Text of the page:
We are now in the phase of prospective follow-up of mothers and offspring 3 and 5 years postdelivery to investigate the consequences of maternal dysglycaemia during pregnancy on offspring adiposity and metabolic profile. We are seeking funding to enrich phenotypic characterisation and additional samples collection for epigenetic and biomarkers studies. We hope to continue to follow-up Gen3G participants over many years to come, if we have adequate funding and support.


    Collaboration propositions are welcome, either in the form of accessing questionnaire-based data and/or biological samples. Investigators interested in GDM or other disorders of pregnancy can propose their ideas to have access to data/samples stored in our biobank. To discuss collaboration possibilities, investigators are invited to contact M-FH and PP (;


    The authors acknowledge the blood sampling in pregnancy clinic at the CHUS and Sun Life Financial (which support research activities integrated to this clinic); the assistance of clinical research nurses (M Gérard, G Proulx, S Hayes, and M-J Gosselin) and research assistants (C Rousseau and P Brassard) for recruiting women and obtaining consent for the study; and the CHUS biomedical laboratory for performing assays. They also thank the Research in obstetrics services, led by collaborator Dr J-C Pasquier for their help in collecting samples at delivery, and Dr G Fink for facilitating all of our measures of vitamin D.



    • Collaborators Jean-Charles Pasquier; Guy Fink.

    • Contributors LG drafted the manuscript, performed descriptive data analysis and interpreted data, helped recruit participants and contributed to data collection and cleaning. CA, ML and JP contributed to data collection, analysis and interpretation, and reviewed the manuscript. M-CB, MD, JMo, and JMé contributed to participant recruitment, data collection, study coordination, and reviewed the manuscript. LB, J-LA, and PP participated in the study conception and design, contributed funding for data collection and analysis. M-FH conceived the study, participated in the study design, contributed funding for data collection and analysis, and helped draft the manuscript. All co-authors read and approved the final manuscript.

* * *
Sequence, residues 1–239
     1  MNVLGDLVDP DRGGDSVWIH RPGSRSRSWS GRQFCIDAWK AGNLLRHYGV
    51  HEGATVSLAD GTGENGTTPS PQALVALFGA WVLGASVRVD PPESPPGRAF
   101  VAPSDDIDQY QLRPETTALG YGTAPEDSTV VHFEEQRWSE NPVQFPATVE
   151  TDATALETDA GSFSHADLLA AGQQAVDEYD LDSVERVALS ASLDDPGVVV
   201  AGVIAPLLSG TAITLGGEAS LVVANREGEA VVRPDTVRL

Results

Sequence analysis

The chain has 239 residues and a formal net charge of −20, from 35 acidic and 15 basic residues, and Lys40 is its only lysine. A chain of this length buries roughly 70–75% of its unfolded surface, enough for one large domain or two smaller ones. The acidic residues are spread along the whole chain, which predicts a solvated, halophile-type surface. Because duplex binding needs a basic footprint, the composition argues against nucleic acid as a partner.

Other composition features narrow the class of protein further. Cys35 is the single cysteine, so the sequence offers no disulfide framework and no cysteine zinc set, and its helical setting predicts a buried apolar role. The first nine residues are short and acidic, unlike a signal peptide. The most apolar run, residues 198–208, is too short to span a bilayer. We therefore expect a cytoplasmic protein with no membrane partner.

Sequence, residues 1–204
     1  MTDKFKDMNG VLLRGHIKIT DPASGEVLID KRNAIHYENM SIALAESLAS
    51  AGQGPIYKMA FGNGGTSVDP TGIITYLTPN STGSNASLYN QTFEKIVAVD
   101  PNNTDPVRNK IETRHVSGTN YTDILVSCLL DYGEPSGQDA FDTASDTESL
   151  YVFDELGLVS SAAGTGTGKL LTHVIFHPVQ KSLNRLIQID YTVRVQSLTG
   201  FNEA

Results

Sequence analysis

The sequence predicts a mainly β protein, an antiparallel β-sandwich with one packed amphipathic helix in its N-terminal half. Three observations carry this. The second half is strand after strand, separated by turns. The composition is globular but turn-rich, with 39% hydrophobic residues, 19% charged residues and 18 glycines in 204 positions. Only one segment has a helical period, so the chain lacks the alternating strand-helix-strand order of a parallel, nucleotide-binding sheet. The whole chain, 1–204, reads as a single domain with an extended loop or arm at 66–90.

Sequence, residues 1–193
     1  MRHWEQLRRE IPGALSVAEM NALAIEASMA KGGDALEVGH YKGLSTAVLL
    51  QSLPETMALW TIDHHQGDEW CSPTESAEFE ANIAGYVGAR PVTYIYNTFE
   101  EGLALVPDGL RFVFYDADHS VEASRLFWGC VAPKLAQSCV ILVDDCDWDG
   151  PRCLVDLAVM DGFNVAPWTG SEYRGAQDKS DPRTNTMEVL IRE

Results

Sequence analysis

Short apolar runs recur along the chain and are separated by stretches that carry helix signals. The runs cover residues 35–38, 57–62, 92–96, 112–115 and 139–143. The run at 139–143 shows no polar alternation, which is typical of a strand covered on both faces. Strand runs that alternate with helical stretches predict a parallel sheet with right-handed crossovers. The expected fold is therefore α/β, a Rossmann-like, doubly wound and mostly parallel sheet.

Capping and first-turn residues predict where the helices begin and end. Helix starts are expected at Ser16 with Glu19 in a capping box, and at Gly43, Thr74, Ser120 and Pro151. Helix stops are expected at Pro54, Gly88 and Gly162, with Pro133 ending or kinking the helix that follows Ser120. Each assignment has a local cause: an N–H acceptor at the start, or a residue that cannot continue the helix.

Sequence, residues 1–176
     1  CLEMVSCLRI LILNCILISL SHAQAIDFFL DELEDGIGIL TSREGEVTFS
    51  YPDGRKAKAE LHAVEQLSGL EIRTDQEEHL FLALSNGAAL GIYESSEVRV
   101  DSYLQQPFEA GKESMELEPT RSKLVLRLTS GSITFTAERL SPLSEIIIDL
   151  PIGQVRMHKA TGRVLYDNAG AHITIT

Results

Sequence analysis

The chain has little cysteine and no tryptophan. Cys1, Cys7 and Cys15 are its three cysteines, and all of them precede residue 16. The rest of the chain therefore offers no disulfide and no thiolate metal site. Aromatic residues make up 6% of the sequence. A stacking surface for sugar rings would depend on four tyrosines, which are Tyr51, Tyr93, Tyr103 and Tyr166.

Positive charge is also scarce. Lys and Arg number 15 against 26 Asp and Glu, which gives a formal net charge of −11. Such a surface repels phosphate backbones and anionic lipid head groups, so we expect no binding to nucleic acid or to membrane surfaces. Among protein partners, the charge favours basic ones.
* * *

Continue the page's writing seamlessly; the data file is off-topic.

• Funding This work was supported by a Fonds de recherche du Québec en santé (FRQ-S) operating grant (to M-FH, grant #20697); a Canadian Institute of Health Reseach (CIHR) Operating grant (to M-FH grant #MOP 115071); a Diabète Québec grant (to PP) and a Canadian Diabetes Association operating grant (to J-LA, grant #OG-3-08-2622-JA). LB is a junior research scholar from the FRQ-S and a member of the FRQ-S-funded Centre de recherche du CHUS. M-FH was a FRQ-S Junior 1 research scholar and received a Clinical Scientist Award by the Canadian Diabetes Association and the Maud Menten Award from the CIHR-Institute of Genetics. J-LA is a FRQ-S Junior 2 research scholar. Analyses were supported by Diabète Québec internship awards (to LG, ML, JP), CIHR Master's training award (#299295 to CA), and FRQ-S Master's (#27029 to LG; #27113 to CA; #29033 to JP) and Doctoral training award (#27499 to ML).

    • Competing interests None declared.

    • Ethics approval CHUS Ethics Review Board for Studies with Humans.

    • Provenance and peer review Not commissioned; externally peer reviewed.

    • Data sharing statement Anonymised data may be obtained by contacting M-FH and PP (; with a research question concerning GDM or pregnancy-related disorders.